Rasagiline for amyotrophic lateral sclerosis: A randomized, controlled trial

The Rasagiline Investigators of the Muscle Study Group and Western ALS Consortium

Research output: Contribution to journalArticlepeer-review

34 Scopus citations


Introduction: Rasagiline is a monoamine oxidase B (MAO-B) inhibitor with possible neuroprotective effects in patients with amyotrophic lateral sclerosis (ALS). Methods: We performed a randomized, double-blind, placebo-controlled trial of 80 ALS participants with enrichment of the placebo group with historical controls (n = 177) at 10 centers in the United States. Participants were randomized in a 3:1 ratio to 2 mg/day rasagiline or placebo. The primary outcome was average slope of decline on the ALS Functional Rating Scale—Revised (ALSFRS-R). Secondary measures included slow vital capacity, survival, mitochondrial and molecular biomarkers, and adverse-event reporting. Results: There was no difference in the average 12-month ALSFRS-R slope between rasagiline and the mixed placebo and historical control cohorts. Rasagiline did not show signs of drug-target engagement in urine and blood biomarkers. Rasagiline was well tolerated with no serious adverse events. Discussion: Rasagiline did not alter disease progression compared with controls over 12 months of treatment. Muscle Nerve 59:201–207, 2019.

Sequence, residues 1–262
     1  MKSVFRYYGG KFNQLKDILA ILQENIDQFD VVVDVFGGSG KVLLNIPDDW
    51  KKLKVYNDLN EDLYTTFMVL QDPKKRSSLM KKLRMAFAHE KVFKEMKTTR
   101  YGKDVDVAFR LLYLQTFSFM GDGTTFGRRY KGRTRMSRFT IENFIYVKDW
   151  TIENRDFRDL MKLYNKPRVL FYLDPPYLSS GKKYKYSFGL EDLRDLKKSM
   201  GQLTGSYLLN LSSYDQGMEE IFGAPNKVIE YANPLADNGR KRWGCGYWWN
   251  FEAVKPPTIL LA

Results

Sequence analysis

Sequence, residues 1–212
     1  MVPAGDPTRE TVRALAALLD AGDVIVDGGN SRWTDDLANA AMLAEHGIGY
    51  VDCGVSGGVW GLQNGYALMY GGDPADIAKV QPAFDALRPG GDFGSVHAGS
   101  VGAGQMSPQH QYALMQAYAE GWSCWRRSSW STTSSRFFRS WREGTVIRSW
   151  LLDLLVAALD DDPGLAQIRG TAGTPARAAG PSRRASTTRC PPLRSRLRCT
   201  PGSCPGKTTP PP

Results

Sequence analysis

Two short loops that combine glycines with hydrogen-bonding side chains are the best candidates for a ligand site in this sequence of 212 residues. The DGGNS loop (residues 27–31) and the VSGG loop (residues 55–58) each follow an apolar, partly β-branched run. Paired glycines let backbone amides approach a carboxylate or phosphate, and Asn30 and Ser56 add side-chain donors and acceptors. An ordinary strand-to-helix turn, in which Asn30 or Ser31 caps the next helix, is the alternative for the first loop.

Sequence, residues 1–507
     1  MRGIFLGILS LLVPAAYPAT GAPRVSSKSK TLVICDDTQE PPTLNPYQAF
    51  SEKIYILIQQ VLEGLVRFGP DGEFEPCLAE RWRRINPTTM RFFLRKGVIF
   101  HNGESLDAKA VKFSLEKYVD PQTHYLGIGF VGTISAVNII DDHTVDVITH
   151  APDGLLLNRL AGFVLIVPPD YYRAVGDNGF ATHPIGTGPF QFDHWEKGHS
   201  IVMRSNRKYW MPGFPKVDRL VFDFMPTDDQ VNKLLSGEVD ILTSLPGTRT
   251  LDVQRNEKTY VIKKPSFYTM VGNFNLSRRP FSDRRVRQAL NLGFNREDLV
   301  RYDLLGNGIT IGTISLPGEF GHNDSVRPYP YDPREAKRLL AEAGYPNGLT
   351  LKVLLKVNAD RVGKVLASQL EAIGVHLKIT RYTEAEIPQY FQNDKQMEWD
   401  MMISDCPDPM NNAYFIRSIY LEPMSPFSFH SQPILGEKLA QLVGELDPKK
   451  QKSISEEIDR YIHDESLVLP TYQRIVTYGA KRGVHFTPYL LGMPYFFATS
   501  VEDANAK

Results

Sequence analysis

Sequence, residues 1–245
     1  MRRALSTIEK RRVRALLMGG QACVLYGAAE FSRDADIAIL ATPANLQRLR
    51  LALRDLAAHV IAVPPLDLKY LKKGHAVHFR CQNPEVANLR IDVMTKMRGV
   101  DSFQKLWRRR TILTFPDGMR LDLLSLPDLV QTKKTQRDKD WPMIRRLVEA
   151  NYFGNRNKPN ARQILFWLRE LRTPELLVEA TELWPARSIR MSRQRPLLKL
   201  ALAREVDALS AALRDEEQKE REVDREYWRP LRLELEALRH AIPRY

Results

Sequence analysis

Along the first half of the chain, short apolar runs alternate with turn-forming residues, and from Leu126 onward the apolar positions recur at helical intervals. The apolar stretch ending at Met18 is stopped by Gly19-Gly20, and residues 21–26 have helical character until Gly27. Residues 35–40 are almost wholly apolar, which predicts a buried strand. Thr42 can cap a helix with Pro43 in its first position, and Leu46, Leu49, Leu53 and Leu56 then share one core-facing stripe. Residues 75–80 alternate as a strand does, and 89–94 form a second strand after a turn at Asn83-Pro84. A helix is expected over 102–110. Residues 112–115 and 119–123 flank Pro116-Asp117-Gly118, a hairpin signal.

Original languageEnglish (US)
Pages (from-to)201-207
Number of pages7
JournalMuscle and Nerve
Issue number2
StatePublished - Feb 2019


  • MAO-B inhibitor
  • amyotrophic lateral sclerosis
  • biomarker
  • controlled clinical trial
  • motor neuron disease
  • randomized
  • rasagiline

ASJC Scopus subject areas

  • Physiology
  • Clinical Neurology
  • Cellular and Molecular Neuroscience
  • Physiology (medical)


Dive into the research topics of 'Rasagiline for amyotrophic lateral sclerosis: A randomized, controlled trial'. Together they form a unique fingerprint.

Cite this